With my well known good organizational skills and in the best of Italian traditions, I end up writing the blog that I was postponing for months on the plane which brings me back to Rome, after one year in the Netherlands. But this context, with the landscapes passing below the plane which brings me home, may suit particularly well to an overall reflection on the master that just concluded.
Overall, I really think that Utrecht and Utrecht University gave me lot, and I should thank both for that. For sure –and to be a less more poetic and a bit more practical-, USE gave me far more than what I paid as a tuition fee. 1.900 euros for all I have received during this year, all the attention, the small courses, the events, initiatives, opportunities, infrastructures, contacts and services was indeed a very small price. Just to give a comparison: the Italian partner of USE in Italy is LUISS University in Rome, whose masters cost around 15.000 euros per year, if I remember well. Utrecht University has the same level of service, but a price more than 7 times lower. I took advantages of these services and of this price, so thank you to Utrecht University and thank you to the Dutch state for that.
But even if we study economics, we can talk about different things than money.
One of this is people. The people I met during my courses, the friends I spent my evenings with, the faltmates, the colleagues and friends from the internship, the professors, the friends from the library, the friends from parties, the old friends who came to visit me, the PhD students who inspires you and the supervisors who support you, and Laura who involved me in writing these blogs, which will be a nice souvenir of my year. All a crowd of people, professionals and friends, who populated these months in the country of low landsacpes, making my master a rich, intense, multifaced and collective human experience. So I thank them all, thank you my new friends that I hope to maintain across the years, thank you professors who guided my first steps in the magic realm of public economics.
Besides people, there are objects. Like the bikes: one of the absolute protagonists of the life in the Netherlands, loyal support of students in work and fun. And I would say that this year has litterally passed at the joyfull rythm of cycling, which brings you from Utrecht Overvecht, to Neude, to the Campus, and back. And one of my best souvenirs of the year are indeed the evening in which with our group of friends, in a storm of bicycles, joyfull after a few beers (but remember that it is forbidden to bike then), we moved in the Dutch nights from someone’s place to a bar, or to another bar, sometimes even singing. Another object is my student number and password, that I typed again and again every day, up to the point that I think it will graved in my memory untill the end, so that when I will look my grand children paying I will istinctively murmour among myself “4249968…”. And the light Dutch beers at 2,5 euros per small glass. And Albert Hein with their blu signs and terrifying absolute-monopole prices. The library in Drift, and Jankerskof, and the brootje Carlo. And the laptop, which accompanies you during all the long nights working on papers. And the rain, that swift constant companion of us all in the Netherlands, always present with its wet caresses remembering you that the you are still doing your master and that Rome is far.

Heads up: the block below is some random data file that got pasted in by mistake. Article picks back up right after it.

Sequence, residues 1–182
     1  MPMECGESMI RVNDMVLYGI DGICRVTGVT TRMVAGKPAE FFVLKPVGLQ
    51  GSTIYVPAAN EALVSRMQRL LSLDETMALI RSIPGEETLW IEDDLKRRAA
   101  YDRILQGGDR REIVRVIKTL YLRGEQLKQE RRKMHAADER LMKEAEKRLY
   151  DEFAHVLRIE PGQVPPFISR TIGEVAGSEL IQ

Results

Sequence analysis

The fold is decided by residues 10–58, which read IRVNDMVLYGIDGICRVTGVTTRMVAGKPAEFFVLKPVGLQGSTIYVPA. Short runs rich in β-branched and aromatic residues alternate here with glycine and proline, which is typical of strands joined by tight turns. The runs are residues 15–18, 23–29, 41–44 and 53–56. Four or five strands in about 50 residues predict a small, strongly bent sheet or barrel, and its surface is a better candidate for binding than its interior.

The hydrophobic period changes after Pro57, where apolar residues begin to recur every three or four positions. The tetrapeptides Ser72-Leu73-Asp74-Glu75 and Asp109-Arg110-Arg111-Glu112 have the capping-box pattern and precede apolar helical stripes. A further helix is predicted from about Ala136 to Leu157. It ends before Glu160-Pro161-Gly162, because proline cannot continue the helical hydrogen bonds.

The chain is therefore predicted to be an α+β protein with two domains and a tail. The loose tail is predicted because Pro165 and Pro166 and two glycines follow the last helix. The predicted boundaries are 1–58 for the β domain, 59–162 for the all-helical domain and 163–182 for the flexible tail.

Was it usefull this master as to my formation in Public Economics?
Indeed. I can’t know if it missed teaching me something that I should know, but I know that almost all I know is what it did taught. My only suggestion, as to my specific master programme, is to add maybe a course in finance, since I think that economists working for the government should have a sufficient knowledge of the finance sector, if anything to be able to regulate it.
Would I suggest my master programme to a student fresh from his/her bachelor and maybe coming from abroad? If you don’t desperately need the sun as a source of joy and life, and if you feel ready to live among people whose average height is not far from 190 cm, yes. And of course, if you are interested in Empirical Economics, since it remains one of the main focus of USE as to my impression, and I think this is reasonable and fair. Overall, I think you should really give Utrecht a try.